ScienceVisions

Religion is Dying: What That Means for Humanity

In Brief:

 

Atheism is steadily on the rise and we must consider:

 

Are there social frameworks and behaviors ingrained in religious practice that are inherently positive for humanity in general?

 

Religious Fallout:

 

People that identify as non-religious are quickly growing in number. Particularly in first world countries. They’re the second largest “religious group” in North America and most of Europe.

 

 

In fact, in the past decade, non religious Americans have overtaken Catholics, Protestants, and all followers of Non-Christian faiths. 

So how might this shift effect humanity?

 

Where Religion Went Right:

 

Regardless of your stance on religion there are some fundamental cultural practices that help religious people live happier, healthier lives.

For instance Christians, among others, say grace before a meal, which is ultimately a practice in gratitude. Dr. Robert Emmons of the University of California and Dr. Michael McCullough of the University of Miami have greatly researched gratitude. They found a daily gratitude practice helped people be more optimistic, feel better about their lives, and surprisingly, exercise more and take fewer trips to the doctor.

And Jews during the high holidays are encouraged to call friends or family they may have hurt over the last year to ask for forgiveness. Research shows forgiveness increases lifespan, lowers the risk of heart attack, improves sleep, and reduces levels of anxiety, depression and stress.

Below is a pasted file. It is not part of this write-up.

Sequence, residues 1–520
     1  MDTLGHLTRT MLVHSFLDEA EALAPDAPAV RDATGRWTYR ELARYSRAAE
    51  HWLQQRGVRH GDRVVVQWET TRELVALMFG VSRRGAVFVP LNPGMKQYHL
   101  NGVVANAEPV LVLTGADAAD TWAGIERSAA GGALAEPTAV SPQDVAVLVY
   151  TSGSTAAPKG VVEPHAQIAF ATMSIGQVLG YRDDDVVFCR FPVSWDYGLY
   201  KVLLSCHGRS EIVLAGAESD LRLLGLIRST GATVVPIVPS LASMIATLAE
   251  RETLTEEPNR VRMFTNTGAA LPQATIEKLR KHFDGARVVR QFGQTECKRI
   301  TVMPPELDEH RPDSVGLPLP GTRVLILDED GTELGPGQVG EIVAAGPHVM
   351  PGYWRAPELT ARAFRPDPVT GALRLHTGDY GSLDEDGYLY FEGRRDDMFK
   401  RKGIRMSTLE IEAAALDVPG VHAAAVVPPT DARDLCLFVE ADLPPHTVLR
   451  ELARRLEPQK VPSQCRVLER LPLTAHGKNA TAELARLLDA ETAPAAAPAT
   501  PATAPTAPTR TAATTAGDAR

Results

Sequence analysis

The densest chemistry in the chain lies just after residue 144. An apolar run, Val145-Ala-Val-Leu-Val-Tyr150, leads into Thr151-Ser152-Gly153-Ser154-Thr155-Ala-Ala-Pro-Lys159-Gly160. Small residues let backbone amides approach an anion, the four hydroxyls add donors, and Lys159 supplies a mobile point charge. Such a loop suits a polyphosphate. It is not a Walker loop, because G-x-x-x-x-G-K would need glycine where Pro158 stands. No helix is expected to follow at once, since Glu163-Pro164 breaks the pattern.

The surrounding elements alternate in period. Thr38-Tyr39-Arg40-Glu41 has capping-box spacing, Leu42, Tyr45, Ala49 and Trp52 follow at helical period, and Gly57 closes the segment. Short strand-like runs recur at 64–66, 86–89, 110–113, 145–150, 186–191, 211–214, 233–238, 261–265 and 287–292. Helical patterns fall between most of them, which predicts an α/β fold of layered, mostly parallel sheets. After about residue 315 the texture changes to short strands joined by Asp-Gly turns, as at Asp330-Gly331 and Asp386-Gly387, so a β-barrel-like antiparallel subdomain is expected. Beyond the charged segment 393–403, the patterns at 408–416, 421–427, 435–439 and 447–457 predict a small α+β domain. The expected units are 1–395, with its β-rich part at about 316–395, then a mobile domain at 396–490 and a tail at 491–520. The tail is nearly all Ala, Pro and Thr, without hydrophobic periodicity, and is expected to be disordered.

Clearly a culture that encourages us to strengthen gratitude and forgiveness is great, regardless of how we identify religiously.

So will we lose out on some of the positive practices and respected health benefits as we become less religious over time?

 

Filling the Void:

 

In my opinion, as religion becomes a historical cultural artifact we must redesign our collective culture to ensure we maintain the positive social reinforcements religion offers. Here are a few solutions to consider:

  1. We could take newly abandoned churches and turn them into a “Temples of Gratitude.” A space for atheists to regularly come together and practice and strengthen their capacity for gratitude.
  2. We could create a global holiday for forgiveness. Encouraging entire countries of people to let go of past pains and carry on.
  3. As autonomous driving takes hold more space in cities parking garages will open up. We could convert unused garages into “meditation towers”, giving the surrounding community an inspiring space for a practice they may believe in.

 

Conclusion:

 

As our believes evolve over time so should our public space, holidays and culture. The rising atheist population has little institutional emotional infrastructure to encourage some of our most basic positive behaviors. During this shift we must take responsibility to encourage the healthy habits of this quickly growing population. 

 

Timothy Rowe

Timothy Rowe, creator of Dreamscape, believes in an exceptional world. A future that can come to life by strategically rethinking our communities, philosophies and collective believes.

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